As much as anything, D.C. is a city of magisterial memorials to the dead.

Washington, Jefferson, Lincoln — even Sonny Bono — are among the many who have inspired monuments of one form or another after drawing their final breaths.

Now add Marion S. Barry Jr. — he of four mayoral terms, three council terms and one infamous crack bust — to the list of those destined for sculpted immortality.

The D.C. Council on Tuesday preliminarily approved a plan to erect an 8-foot-tall bronze statue outside city hall in Barry's honor, placing a likeness of the District's most famous local politician on Pennsylvania Avenue NW, a couple of blocks from the White House and on one of the city's best-known boulevards.

For Barry's many admirers, who recall his pugnacious advocacy, the honor is a fitting legacy for a man known to generations for civil rights battles, building the city's black middle class, providing opportunities to minority contractors and creating a summer jobs program for District youngsters.

"My generation and the generation that came before me benefited from Marion Barry, and I would want my grandchildren to know what he did for this city," said David Smith, president of the Deanwood Citizen's Association in Ward 7. "He tried to level the playing field and create equality. He did a yeoman job considering the pushback he got from Congress and the Senate."

Mayor Marion Barry in 1996. (Dudley M. Brooks/The Washington Post)

Julius Hobson, who served with Barry (D) on the D.C. Board of Education in the early 1970s and as his adviser when Barry was mayor, said his former boss helped begin the evolution of what was once a municipal backwater into a progressive metropolis.

"Culturally, he set the tone to get us to think like a city — like any other city in the country, even though we don't have the voting rights," Hobson said. "He changed the mind-set of a town that wasn't dependent on the federal government."

As with many issues involving Barry, the idea of honoring him did not elicit universal enthusiasm, particularly for those well-acquainted with his scandals, including Joe DiGenova, the former U.S. attorney in the District who prosecuted members of Barry's administration.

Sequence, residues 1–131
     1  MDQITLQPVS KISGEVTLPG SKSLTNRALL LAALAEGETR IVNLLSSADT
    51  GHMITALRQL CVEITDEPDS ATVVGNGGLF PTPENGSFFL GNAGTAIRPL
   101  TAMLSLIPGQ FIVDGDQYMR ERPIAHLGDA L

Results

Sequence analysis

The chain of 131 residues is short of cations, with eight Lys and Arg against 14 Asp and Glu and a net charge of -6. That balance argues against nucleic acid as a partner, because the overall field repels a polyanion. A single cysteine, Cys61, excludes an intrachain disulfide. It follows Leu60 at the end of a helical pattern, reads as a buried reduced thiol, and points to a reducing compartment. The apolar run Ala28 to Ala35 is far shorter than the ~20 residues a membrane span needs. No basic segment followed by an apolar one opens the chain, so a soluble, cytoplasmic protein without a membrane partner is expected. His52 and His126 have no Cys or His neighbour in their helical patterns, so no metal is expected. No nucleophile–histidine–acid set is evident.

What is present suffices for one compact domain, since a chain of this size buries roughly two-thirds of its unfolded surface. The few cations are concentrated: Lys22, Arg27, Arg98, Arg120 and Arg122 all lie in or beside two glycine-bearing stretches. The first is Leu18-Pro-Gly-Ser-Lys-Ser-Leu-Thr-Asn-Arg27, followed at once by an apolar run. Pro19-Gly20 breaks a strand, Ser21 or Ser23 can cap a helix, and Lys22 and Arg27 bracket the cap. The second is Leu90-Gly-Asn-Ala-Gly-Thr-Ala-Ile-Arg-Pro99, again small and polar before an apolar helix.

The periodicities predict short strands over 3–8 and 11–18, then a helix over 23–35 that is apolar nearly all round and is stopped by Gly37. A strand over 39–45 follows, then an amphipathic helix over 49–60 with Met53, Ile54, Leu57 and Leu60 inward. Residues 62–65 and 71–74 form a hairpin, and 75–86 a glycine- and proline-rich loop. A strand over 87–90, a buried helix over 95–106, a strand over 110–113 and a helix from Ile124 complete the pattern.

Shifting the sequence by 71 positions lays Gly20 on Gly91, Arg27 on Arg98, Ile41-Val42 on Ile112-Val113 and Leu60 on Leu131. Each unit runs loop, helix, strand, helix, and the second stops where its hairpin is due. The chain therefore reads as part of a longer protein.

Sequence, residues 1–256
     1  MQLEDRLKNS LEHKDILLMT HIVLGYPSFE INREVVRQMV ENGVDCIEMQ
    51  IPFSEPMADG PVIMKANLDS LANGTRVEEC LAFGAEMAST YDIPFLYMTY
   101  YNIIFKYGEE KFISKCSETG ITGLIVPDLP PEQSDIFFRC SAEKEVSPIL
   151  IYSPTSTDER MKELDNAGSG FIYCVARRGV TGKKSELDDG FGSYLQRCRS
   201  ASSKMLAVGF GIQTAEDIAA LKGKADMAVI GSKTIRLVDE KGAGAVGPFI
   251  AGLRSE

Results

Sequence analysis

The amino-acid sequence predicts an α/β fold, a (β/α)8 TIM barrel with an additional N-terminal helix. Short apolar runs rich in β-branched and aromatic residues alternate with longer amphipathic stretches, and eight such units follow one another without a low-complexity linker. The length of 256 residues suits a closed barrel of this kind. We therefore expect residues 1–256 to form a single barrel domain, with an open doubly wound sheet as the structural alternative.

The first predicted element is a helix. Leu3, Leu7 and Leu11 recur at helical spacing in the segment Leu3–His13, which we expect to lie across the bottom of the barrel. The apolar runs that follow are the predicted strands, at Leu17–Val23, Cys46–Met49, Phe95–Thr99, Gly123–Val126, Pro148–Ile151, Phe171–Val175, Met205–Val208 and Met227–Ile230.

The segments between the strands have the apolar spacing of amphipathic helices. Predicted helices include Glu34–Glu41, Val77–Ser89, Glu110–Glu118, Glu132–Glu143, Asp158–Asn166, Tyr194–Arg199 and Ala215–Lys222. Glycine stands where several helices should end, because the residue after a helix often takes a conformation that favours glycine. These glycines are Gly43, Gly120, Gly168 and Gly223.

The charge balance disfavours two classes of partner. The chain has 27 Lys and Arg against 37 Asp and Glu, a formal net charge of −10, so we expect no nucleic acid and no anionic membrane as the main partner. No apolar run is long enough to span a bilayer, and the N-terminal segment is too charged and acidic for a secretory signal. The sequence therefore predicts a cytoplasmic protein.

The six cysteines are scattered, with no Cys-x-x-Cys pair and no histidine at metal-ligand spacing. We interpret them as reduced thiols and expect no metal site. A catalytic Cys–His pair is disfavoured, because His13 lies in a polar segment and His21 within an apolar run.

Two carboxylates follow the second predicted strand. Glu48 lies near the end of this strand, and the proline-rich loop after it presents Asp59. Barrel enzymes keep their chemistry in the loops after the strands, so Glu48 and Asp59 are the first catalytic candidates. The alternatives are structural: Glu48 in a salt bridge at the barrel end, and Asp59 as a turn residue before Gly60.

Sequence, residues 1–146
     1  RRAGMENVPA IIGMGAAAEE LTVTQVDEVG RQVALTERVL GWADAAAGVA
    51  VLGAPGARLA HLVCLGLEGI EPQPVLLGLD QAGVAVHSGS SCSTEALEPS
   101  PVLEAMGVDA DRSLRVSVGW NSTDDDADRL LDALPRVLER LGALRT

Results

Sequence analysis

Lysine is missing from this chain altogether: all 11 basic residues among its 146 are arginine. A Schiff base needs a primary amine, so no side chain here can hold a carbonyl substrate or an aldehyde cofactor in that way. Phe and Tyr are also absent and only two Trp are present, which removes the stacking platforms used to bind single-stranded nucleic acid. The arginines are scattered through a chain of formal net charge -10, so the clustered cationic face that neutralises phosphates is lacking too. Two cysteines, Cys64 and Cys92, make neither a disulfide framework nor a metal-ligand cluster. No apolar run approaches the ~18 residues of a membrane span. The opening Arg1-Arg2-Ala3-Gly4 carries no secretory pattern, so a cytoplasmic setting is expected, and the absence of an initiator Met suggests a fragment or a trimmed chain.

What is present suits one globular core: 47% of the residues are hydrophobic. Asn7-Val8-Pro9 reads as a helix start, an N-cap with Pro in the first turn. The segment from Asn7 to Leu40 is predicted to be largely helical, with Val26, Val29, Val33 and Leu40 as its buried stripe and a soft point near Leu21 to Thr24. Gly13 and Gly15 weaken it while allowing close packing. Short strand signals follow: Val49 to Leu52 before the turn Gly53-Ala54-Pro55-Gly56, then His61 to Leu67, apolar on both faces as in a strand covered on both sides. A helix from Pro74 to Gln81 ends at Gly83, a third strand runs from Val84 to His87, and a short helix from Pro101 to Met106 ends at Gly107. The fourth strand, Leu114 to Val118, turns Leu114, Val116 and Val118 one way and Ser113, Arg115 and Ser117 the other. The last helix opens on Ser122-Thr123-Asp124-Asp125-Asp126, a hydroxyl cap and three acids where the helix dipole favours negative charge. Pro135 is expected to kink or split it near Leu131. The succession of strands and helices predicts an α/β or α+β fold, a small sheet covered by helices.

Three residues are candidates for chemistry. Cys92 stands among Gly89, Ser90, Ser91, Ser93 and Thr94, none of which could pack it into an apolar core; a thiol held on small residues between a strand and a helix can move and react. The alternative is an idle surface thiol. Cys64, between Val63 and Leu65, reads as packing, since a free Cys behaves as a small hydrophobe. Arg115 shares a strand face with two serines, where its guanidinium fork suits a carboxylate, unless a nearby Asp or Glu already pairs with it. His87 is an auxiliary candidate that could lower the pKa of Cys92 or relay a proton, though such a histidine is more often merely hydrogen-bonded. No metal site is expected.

Asked about the District's plan to erect the Barry statue, DiGenova said, "The notion of it takes my breath away."

He declined to elaborate.

Barry, who died in 2014 at 78, was the District's second mayor, serving three terms from 1979 until 1991. His reputation as a political giant was tarnished when federal agents in 1990 caught him smoking crack cocaine, after which he was sentenced to six months in prison.

Following his release, he won a seat representing Ward 8 on the D.C. Council, using the slogan, "He may not be perfect, but he's perfect for D.C." He defeated incumbent Mayor Sharon Pratt Kelly in the 1994 Democratic primary and two years later won a fourth term as mayor. During that term, the District's finances were taken over by the federal government.

In 2005, Barry was again elected to the D.C. Council representing Ward 8, where he lived and served until his death.

Council member Vincent C. Gray, at a recent hearing on the proposed statue, described Barry as "statesman."

"He was also a visionary and a servant leader," Gray said.

The proposed memorial is being created by sculptor Steven Weitzman and scheduled for final approval by the Council at its next meeting. It is to be delivered in February.

Sandra S.S. Seegars, a longtime Ward 8 activist, said she supports the creation of the Barry statue, though she said her enthusiasm is tempered by her awareness of his personal foibles.

"If you look at the good he did, then yes do it," she said. "But if you look at the bad that he did, then no. You have to put it all together. He did more good than bad for the city, and the bad he did was to himself. And so many people liked and loved him."